ZAP! Nikola Tesla Takes Charge by M. Kulling
Kulling, Monica. ZAP! Nikola Tesla Takes Charge. Illustrated by Bill Slavin. Tundra Books, 2016.
In this, her ninth contribution to Tundra Books’ Great Ideas Series, prolific children’s author Monica Kulling distills and simplifies the life and inventions of immigrant engineer and scientist Nikola Tesla (1856–1943) for primary school readers. Confining her story to the first half of Tesla’s long life, from his humble origins in Slovenia (then a part of the Austro-Hungarian Empire), to his achievements as nineteenth-century America’s foremost electrical engineering genius, Kulling has maintained a manageable length compatible with the attention span of her audience.
The rivalry between Tesla and his one-time patron and employer, Thomas Edison, over the suitability of alternating versus direct electrical current (AC vs. DC) is described without exposing all the sordid details of their rivalry. The story then quickly moves on to Tesla’s partnership with George Westinghouse to illuminate the 1892-93 Chicago world’s fair site, and to build the first hydroelectric power plant at Niagara Falls, employing alternating current, a system that allowed electricity to be transmitting over greater distances more cheaply and efficiently than Edison’s rival system. Kulling ends her story in 1898, when Tesla demonstrated a model boat controlled by radio waves, an invisible force that he suggested might also be used for wireless communication, a concept soon made real by radio pioneer Guglielmo Marconi.
Apart from an anachronistic use of the word “robot,” Kulling’s text is historically and scientifically accurate, clearly written, and age-appropriate, without being condescending. Bill Slavin’s illustrations are nicely evocative of the late nineteenth-century buildings and workshops, and are scaled large enough for story-hour readings to groups of children.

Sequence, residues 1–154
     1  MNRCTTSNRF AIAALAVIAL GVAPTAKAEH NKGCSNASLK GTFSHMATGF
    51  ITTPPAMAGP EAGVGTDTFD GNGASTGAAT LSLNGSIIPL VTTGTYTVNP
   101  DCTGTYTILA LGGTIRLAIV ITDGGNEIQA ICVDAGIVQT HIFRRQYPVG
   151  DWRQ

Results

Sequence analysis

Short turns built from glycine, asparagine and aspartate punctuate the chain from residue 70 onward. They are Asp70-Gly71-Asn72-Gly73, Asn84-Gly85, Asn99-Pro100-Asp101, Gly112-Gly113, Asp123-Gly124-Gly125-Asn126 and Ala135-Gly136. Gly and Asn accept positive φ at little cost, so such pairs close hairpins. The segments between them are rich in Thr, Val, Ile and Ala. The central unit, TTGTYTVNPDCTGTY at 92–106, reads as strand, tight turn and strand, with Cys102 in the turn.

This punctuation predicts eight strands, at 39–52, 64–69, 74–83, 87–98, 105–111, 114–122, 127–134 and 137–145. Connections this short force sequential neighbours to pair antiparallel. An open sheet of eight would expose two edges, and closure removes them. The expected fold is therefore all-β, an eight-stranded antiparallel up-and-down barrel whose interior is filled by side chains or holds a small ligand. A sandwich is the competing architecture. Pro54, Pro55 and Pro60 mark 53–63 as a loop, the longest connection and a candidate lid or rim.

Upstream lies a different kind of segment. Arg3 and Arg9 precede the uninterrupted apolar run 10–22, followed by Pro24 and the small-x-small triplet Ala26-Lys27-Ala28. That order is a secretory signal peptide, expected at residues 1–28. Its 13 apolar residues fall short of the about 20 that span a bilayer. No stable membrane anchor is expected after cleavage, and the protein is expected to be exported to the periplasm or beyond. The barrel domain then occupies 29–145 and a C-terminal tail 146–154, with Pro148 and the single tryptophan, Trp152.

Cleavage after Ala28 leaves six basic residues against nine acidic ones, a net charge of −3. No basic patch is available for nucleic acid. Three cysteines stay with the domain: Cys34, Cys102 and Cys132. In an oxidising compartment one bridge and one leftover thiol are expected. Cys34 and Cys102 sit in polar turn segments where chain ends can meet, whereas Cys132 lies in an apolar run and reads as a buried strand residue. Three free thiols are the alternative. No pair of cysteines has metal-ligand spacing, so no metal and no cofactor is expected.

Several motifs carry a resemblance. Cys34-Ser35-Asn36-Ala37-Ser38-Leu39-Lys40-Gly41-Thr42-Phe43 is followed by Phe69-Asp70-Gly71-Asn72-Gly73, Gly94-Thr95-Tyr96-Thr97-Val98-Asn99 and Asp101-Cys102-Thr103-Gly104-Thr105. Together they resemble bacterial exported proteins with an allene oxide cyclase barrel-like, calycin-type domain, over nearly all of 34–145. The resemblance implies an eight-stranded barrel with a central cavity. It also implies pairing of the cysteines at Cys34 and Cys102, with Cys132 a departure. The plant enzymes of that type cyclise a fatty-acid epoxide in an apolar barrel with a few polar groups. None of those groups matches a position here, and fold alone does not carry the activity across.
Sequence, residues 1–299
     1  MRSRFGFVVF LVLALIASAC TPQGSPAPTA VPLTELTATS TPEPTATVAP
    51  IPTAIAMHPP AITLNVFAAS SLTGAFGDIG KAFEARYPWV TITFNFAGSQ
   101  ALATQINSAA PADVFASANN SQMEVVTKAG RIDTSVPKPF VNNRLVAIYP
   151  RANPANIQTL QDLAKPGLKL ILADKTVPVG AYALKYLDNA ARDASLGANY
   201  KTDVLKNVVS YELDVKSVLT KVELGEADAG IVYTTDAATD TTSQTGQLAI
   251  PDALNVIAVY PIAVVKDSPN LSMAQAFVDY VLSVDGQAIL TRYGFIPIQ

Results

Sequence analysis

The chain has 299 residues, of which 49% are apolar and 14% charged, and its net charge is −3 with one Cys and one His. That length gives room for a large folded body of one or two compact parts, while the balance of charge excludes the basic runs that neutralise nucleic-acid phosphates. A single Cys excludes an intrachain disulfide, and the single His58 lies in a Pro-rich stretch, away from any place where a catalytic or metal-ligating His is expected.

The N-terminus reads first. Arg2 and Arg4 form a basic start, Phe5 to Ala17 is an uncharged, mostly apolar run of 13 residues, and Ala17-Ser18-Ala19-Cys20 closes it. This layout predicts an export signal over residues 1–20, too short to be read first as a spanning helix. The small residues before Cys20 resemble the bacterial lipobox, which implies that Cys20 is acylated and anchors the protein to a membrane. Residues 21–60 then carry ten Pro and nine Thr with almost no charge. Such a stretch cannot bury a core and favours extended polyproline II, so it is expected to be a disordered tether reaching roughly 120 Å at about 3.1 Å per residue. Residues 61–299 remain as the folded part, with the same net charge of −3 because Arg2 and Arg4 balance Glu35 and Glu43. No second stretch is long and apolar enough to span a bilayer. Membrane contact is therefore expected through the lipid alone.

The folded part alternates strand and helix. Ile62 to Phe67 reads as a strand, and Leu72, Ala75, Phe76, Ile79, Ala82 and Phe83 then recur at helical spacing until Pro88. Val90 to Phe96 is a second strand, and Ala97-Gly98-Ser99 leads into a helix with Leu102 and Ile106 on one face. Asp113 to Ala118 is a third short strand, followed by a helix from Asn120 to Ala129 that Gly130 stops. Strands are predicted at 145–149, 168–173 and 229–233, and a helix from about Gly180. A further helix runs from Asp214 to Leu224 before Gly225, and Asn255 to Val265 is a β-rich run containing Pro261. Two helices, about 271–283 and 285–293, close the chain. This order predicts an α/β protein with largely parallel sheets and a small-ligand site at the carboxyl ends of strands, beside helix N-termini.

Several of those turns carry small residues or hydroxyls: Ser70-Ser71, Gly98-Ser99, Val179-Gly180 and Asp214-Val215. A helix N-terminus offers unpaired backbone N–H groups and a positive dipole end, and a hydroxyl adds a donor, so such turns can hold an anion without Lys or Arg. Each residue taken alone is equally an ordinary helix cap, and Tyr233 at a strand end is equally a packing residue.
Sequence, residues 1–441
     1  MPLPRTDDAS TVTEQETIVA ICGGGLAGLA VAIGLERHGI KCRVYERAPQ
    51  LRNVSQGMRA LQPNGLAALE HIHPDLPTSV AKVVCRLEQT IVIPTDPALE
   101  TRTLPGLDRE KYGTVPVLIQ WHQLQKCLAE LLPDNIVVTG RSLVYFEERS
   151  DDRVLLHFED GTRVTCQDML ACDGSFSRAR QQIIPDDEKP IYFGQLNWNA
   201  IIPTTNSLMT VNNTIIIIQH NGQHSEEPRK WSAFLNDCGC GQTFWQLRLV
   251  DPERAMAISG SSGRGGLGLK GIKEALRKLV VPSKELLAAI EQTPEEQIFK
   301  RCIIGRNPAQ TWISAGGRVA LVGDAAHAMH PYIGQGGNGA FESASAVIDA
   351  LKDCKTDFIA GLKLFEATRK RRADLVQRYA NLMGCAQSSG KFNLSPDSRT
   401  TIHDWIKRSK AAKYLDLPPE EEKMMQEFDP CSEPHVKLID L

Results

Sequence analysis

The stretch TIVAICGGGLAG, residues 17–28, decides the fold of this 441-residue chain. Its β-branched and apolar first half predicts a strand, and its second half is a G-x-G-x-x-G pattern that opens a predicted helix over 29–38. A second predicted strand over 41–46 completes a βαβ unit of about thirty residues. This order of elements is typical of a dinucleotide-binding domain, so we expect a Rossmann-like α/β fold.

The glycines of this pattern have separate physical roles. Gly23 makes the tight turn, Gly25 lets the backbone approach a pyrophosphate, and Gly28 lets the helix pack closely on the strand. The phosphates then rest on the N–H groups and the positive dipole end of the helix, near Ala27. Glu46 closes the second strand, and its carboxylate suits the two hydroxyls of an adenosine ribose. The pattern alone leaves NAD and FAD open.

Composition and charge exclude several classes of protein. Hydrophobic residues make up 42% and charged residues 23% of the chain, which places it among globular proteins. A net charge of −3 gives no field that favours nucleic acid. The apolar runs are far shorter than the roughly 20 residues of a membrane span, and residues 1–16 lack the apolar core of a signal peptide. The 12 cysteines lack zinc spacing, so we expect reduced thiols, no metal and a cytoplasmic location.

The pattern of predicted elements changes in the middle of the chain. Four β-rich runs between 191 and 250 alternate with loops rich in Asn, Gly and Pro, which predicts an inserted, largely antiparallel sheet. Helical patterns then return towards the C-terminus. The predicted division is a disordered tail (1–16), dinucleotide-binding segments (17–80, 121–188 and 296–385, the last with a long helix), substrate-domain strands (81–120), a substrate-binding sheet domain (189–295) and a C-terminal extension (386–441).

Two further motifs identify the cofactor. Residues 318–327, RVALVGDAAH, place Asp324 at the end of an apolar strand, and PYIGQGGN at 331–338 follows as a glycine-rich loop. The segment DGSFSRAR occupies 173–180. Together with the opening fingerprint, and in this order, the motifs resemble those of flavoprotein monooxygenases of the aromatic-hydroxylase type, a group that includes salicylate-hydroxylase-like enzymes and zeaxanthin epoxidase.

Reviewer: Merrill Distad
Highly recommended: 4 out of 4 stars
Merrill Distad is Associate University Librarian (Research and Special Collections Services) and University Archivist, University of Alberta, and is the co-editor of Peel’s Bibliography of the Canadian Prairies to 1953 (Toronto, 2003). He is the author, most recently, of The University of Alberta Library: The First Hundred Years, 1908–2008 (Edmonton, 2009).
Authors who publish with this journal agree to the following terms:
- Authors retain copyright and grant the journal right of first publication with the work simultaneously licensed under a Creative Commons Attribution License that allows others to share the work with an acknowledgement of the work's authorship and initial publication in this journal.
- Authors are able to enter into separate, additional contractual arrangements for the non-exclusive distribution of the journal's published version of the work (e.g., post it to an institutional repository or publish it in a book), with an acknowledgement of its initial publication in this journal.
- Authors are permitted and encouraged to post their work online (e.g., in institutional repositories or on their website) prior to and during the submission process, as it can lead to productive exchanges, as well as earlier and greater citation of published work (See The Effect of Open Access).